In this guide, we'll go through examples of setting up qualification rules for the following types of marketing campaigns:
One thing you know about every visitor on your website is where they came from before they found you. For example, every website analytics tool will show you something called a “Referrer” or a “Referring URL.” The referring URL will show you if the user came from a Google search, a partner website, an application directory, or a blog post on someone else’s website. Most of the time a referring URL is not a good source of information to determine who’s qualified because it does not contain enough information or is not targeted enough. For example, just because a user came from a google search does not mean that this visitor is qualified.
Rather, instead of thinking of the referring URL as the qualification criteria, think of the marketing campaign that drove the visitor to your website as the qualification criteria. Presumably most demand generation marketers are running campaigns that are designed to target a specific type of buyer, and are putting a chunk of their marketing budget against these campaigns. So while a basic Google search might not tell you if someone is qualified or not, someone who clicks through a specific search marketing campaign might be.
All online marketing campaigns contain a basic form of tracking. Your online ads (search, social media, display, retargeting, paid placements, app stores, email) can embed a tracking code in the URL of the ad, which can be used in real-time to know exactly where the visitor came from and the detail of the specific campaign (location, creative, keyword, etc) that the prospects responded to. Now let's take a look at some examples of how you would set up qualification rules for marketing campaigns.
Search marketing is one of the most widely used and valuable sources of qualified traffic for demand gen marketers. Let’s take the example of tech company Okta, who’s most expensive product, and the one that drives the majority of their revenue, is something called “Okta SSO” Now the demand gen team at Okta doesn’t consider everyone who does a google search a qualified visitor, but for those who search on the keyword "enterprise sso" and click through specific Okta advertisement are automatically considered qualified prospects.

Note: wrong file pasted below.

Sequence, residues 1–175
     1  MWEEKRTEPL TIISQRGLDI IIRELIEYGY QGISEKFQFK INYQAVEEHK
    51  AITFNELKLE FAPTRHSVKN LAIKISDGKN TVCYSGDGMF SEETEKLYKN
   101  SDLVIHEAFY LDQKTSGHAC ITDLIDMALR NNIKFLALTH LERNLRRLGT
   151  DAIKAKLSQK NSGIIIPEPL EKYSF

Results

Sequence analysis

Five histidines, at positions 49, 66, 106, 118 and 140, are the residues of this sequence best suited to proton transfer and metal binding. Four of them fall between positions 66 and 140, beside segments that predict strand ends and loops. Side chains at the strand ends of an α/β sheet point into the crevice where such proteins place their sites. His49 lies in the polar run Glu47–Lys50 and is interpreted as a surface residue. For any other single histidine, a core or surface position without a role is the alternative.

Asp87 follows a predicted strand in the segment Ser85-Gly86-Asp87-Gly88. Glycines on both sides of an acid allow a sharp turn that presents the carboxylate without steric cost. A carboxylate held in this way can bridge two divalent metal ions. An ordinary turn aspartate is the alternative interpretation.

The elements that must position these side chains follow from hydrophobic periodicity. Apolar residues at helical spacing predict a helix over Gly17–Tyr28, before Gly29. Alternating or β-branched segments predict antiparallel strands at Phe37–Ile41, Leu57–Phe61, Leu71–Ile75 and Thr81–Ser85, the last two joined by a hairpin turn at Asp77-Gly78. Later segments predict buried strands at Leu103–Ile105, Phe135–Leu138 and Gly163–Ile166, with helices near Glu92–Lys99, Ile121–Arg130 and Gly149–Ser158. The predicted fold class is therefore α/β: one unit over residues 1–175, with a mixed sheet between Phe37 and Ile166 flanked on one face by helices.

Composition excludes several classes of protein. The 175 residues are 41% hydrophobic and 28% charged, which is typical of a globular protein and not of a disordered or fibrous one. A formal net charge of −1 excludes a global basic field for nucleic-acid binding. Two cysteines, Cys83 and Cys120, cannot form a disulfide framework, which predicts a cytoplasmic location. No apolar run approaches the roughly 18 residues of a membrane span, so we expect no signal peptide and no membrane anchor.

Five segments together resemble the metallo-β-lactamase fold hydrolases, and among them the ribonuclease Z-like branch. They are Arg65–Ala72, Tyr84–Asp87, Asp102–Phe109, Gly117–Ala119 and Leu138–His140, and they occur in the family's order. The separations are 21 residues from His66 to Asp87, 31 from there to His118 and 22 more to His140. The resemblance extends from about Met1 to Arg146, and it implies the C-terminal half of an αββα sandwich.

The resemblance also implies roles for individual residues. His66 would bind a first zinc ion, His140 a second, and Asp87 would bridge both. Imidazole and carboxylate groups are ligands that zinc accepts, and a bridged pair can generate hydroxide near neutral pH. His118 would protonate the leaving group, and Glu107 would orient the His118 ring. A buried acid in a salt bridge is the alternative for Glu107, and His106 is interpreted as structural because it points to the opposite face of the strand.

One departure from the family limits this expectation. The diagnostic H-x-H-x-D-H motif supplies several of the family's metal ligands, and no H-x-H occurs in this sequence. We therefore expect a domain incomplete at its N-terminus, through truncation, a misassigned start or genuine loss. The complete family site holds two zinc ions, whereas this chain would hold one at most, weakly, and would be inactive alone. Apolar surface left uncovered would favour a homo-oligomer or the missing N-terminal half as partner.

Social Media is a great advertising channel for demand gen marketers because of its extreme targeting ability. In this case, Salesforce is targeting marketing professionals on Facebook who work at specific companies is specific geographies. The people that respond to this campaign are automatically considered qualified visitors for Salesforce's Marketing Cloud sales team.
Display advertising, retargeting, and content marketing are used in similar ways to social media. By finding, targeting, and displaying content that is relevant to a specific buyer and then driving that person to act by offering them relevant content. Here is a similar example of Salesforce’s Pardot team running ads on Forbes.com to target qualified marketing professionals. People that are subscribes to Forbes.com and are looking for lead generation tools are automatically considered qualified prospects for the sales team.
Paid placements are used by marketers in a wide variety of industries to place products and services on websites that are known to generate qualified traffic. For example, insurance brokers would pay to be listed in directories that small and medium sized companies use to browser for company health insurance. In the example below, here is the Utah-based company Qualtrics that is paying for placement on a business directory called G2 Crowd. People who come from the G2 Crowd review site are automatically considered qualified prospects for Qualtrics.
Many companies in the technology industry use application exchanges and app stores as a means to market their products and services to specific buyers. For example, the IT consulting powerhouse Deliotte uses the AppExchange as a way to generate qualified traffic to their website. People who come from campaigns run on the AppExchange are automatically considered qualified prospects by Deliotte's sales team.
Email marketing campaigns are unique and stand apart from the other online campaigns shown above because you already know a bit of information about the recipients, their name and email address. As a result, email campaigns can be targeted at qualified people who work at qualified accounts. Any clicks from these emails that land on the website are known to be qualified prospects. In this case eHealth uses email lists they have in their database to drive qualified prospects to their website.
All online marketing campaigns contain a basic form of tracking. Your online ads (search, social media, display, retargeting, paid placements, app stores, email) can embed a tracking code in the URL of the ad, which can be used in real-time to know exactly where the visitor came from and the detail of the specific campaign (location, creative, keyword, etc) that the prospects responded to. Any URL parameters used for campaign tracking can be used in setting up your qualification rules.
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